Wow, pretty heavy reading . . . What is your favorite book on jewelry?
Brigid O’Hanrahan: If I have to choose one it would be Brooching It Diplomatically: A Tribute to Madeleine K. Albright, a catalogue of the exhibit by that name curated by Helen Drutt in 1998. Madeleine Albright is brilliant in demonstrating how a partnership between a wearer and a piece of jewelry can set the stage for a conversation.
Other books I love are Partytime by Robert Baines, Navajo Spoons by Cindra Kline and Breon O’Casey by Brian Fallon.
Do you go the theater or movies and if so can you recommend a recent one you enjoyed?
Brigid O’Hanrahan: A movie: Jiro Dreams of Sushi, I loved it!
You say, ‘I am drawn to the simplicity and beauty of everyday actions, and make objects which shift attention to the activity of use, making the object both functional and ceremonial.’ Can you explain a bit more about how you see the ceremonial and the functional relating?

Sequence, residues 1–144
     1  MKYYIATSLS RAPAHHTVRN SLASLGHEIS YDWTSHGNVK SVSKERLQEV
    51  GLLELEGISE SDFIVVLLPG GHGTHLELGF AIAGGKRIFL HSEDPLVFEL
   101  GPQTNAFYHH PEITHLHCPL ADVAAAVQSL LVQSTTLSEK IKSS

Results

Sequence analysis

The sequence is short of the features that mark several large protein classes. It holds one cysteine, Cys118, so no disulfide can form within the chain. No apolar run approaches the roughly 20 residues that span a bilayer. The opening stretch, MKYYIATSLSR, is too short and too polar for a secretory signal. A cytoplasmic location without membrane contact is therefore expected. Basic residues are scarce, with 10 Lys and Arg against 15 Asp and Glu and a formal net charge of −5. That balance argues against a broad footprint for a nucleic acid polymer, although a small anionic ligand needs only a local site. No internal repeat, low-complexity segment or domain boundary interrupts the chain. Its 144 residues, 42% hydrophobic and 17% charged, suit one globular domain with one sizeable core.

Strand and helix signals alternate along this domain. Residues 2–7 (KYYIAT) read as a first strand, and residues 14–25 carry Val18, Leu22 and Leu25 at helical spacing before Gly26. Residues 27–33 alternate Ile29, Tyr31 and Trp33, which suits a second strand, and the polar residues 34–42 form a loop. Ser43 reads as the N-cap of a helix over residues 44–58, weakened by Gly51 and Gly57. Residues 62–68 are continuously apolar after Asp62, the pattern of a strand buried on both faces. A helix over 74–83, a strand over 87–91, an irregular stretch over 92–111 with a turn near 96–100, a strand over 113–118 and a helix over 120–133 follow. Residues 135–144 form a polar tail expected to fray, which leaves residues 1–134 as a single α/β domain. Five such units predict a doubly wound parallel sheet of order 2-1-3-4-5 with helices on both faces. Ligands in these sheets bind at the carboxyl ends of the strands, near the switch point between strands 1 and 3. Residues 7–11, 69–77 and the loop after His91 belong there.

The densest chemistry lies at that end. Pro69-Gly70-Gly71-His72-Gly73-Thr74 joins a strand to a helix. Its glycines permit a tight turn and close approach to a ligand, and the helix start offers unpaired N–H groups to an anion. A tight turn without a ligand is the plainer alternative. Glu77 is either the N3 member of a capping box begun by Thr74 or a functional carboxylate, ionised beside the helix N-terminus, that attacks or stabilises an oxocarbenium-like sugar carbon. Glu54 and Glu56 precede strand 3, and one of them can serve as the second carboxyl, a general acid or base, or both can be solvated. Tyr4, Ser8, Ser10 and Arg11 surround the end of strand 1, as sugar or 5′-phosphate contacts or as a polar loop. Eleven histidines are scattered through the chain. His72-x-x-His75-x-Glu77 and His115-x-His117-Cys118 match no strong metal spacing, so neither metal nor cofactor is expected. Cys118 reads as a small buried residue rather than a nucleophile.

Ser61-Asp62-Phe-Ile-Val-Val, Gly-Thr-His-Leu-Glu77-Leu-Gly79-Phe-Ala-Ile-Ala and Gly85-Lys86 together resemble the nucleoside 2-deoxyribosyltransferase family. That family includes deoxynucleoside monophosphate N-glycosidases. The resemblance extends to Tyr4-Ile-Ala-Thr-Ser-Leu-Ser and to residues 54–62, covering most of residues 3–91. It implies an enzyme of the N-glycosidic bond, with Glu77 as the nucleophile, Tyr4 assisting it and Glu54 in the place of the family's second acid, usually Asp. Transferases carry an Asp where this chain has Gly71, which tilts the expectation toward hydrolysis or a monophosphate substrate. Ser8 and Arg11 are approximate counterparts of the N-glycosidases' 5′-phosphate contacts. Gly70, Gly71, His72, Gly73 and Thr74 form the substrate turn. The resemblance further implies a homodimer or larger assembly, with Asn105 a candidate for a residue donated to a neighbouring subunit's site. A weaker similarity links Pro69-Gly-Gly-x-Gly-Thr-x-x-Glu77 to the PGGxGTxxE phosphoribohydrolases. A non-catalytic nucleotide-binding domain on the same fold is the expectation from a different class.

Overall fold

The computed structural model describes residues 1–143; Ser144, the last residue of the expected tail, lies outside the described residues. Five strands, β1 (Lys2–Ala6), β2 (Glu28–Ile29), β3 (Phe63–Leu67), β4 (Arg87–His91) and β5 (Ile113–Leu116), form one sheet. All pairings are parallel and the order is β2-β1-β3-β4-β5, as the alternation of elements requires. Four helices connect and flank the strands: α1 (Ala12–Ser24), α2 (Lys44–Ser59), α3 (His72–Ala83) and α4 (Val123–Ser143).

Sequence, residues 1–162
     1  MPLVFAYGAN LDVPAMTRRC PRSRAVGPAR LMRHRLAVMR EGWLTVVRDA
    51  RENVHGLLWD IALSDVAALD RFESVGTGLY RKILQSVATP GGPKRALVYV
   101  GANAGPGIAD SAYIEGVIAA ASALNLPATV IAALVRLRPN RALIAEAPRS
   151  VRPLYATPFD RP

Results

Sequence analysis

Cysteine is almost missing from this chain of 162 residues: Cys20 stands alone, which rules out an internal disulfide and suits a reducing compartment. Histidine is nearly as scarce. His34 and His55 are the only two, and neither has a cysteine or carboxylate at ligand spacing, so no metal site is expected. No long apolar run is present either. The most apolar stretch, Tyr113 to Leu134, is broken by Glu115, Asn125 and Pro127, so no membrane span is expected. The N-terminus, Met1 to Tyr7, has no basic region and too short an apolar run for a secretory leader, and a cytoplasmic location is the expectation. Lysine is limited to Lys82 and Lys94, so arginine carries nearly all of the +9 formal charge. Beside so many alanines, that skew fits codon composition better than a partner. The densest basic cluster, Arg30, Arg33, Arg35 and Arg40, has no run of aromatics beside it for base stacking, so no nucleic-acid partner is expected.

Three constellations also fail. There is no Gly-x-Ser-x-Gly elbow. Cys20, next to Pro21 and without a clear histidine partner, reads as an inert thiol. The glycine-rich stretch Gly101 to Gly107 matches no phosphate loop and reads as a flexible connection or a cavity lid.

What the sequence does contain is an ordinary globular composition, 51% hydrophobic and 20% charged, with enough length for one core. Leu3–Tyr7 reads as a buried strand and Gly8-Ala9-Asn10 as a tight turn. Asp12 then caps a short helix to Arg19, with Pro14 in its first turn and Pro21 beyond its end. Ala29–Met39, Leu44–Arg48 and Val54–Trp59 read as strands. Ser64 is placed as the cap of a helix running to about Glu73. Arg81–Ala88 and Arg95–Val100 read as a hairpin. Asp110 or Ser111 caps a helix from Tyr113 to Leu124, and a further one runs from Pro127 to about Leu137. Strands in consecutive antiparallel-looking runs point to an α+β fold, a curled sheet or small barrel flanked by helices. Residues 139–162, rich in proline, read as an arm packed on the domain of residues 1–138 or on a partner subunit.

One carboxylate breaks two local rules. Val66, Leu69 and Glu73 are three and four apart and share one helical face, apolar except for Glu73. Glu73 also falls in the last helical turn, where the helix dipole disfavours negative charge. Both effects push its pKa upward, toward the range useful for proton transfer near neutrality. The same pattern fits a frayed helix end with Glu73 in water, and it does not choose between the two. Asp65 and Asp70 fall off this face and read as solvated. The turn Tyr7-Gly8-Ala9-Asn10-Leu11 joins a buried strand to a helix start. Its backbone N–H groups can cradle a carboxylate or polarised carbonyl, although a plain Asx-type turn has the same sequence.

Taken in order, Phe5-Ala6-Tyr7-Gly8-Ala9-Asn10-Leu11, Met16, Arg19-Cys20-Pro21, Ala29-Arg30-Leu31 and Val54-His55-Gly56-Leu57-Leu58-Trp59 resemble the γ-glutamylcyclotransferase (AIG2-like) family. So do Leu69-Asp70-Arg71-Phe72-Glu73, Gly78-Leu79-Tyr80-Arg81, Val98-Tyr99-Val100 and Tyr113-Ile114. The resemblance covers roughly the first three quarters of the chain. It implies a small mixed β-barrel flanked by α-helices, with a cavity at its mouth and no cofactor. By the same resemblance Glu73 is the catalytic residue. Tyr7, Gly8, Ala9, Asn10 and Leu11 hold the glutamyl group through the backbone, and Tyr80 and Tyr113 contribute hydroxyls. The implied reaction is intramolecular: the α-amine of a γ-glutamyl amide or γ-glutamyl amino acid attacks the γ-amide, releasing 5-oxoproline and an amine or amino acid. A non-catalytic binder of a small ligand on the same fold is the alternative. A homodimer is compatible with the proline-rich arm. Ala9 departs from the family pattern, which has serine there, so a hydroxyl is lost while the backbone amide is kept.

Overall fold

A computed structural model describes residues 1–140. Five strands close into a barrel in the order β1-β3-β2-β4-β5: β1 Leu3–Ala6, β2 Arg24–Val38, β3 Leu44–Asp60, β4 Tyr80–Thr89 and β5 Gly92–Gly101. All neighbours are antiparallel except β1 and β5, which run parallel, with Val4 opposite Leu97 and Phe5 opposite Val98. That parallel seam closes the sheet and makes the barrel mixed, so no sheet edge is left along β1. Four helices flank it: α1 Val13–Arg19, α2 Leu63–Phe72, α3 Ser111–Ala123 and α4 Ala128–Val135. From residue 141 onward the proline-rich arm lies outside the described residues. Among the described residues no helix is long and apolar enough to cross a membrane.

Brigid O’Hanrahan: This hard for me to explain and relates to my reading about Zen approaches to actions. In the process of learning about working with metal I have been interested in and learned to use lots of processes – photoetching, electroforming, working with lathes, milling machines, computer operated machines – and what I enjoy (maybe value is a better word) the most are hand processes like sawing, filing, soldering, hammering, sanding. I like to make translucent porcelain sake cups (and other things) because I think of the people who will have a conversation while holding them and sipping something – sake, tea, whatever. I want to make opportunities for conversations to happen because I want to have more conversations myself, something I usually feel awkward doing.
Would you say you are shy and that the ceremonial use of jewelry or cups helps you to feel more comfortable having a conversation?
Brigid O’Hanrahan: I’m laughing! Absolutely shy!